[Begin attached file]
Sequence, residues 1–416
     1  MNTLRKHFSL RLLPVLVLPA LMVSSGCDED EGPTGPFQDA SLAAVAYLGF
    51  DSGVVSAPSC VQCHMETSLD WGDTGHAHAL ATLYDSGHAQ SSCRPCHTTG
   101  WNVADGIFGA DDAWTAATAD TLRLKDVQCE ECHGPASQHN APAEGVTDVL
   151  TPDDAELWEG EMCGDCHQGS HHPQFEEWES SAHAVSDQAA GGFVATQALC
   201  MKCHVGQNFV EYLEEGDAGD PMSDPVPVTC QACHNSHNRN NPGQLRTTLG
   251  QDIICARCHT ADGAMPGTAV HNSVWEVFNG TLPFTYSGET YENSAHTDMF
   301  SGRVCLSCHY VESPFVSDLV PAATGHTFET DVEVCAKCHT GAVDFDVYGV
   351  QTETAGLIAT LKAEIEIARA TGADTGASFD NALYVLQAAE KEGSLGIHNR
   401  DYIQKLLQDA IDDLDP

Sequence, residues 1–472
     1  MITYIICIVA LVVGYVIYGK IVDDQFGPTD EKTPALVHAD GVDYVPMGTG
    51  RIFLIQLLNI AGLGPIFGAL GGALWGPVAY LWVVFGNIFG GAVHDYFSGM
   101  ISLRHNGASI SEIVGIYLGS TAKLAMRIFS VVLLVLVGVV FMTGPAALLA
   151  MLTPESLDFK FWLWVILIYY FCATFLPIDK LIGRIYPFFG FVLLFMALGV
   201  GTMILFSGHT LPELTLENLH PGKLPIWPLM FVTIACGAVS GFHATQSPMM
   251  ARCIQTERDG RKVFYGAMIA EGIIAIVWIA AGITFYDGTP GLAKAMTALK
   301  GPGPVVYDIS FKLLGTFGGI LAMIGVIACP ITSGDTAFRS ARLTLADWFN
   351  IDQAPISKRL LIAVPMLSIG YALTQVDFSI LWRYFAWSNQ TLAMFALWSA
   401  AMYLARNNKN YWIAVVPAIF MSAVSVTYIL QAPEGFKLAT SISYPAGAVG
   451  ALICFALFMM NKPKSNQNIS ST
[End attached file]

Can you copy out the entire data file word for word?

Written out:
Sequence, residues 1–416
     1  MNTLRKHFSL RLLPVLVLPA LMVSSGCDED EGPTGPFQDA SLAAVAYLGF
    51  DSGVVSAPSC VQCHMETSLD WGDTGHAHAL ATLYDSGHAQ SSCRPCHTTG
   101  WNVADGIFGA DDAWTAATAD TLRLKDVQCE ECHGPASQHN APAEGVTDVL
   151  TPDDAELWEG EMCGDCHQGS HHPQFEEWES SAHAVSDQAA GGFVATQALC
   201  MKCHVGQNFV EYLEEGDAGD PMSDPVPVTC QACHNSHNRN NPGQLRTTLG
   251  QDIICARCHT ADGAMPGTAV HNSVWEVFNG TLPFTYSGET YENSAHTDMF
   301  SGRVCLSCHY VESPFVSDLV PAATGHTFET DVEVCAKCHT GAVDFDVYGV
   351  QTETAGLIAT LKAEIEIARA TGADTGASFD NALYVLQAAE KEGSLGIHNR
   401  DYIQKLLQDA IDDLDP

Sequence, residues 1–472
     1  MITYIICIVA LVVGYVIYGK IVDDQFGPTD EKTPALVHAD GVDYVPMGTG
    51  RIFLIQLLNI AGLGPIFGAL GGALWGPVAY LWVVFGNIFG GAVHDYFSGM
   101  ISLRHNGASI SEIVGIYLGS TAKLAMRIFS VVLLVLVGVV FMTGPAALLA
   151  MLTPESLDFK FWLWVILIYY FCATFLPIDK LIGRIYPFFG FVLLFMALGV
   201  GTMILFSGHT LPELTLENLH PGKLPIWPLM FVTIACGAVS GFHATQSPMM
   251  ARCIQTERDG RKVFYGAMIA EGIIAIVWIA AGITFYDGTP GLAKAMTALK
   301  GPGPVVYDIS FKLLGTFGGI LAMIGVIACP ITSGDTAFRS ARLTLADWFN
   351  IDQAPISKRL LIAVPMLSIG YALTQVDFSI LWRYFAWSNQ TLAMFALWSA
   401  AMYLARNNKN YWIAVVPAIF MSAVSVTYIL QAPEGFKLAT SISYPAGAVG
   451  ALICFALFMM NKPKSNQNIS ST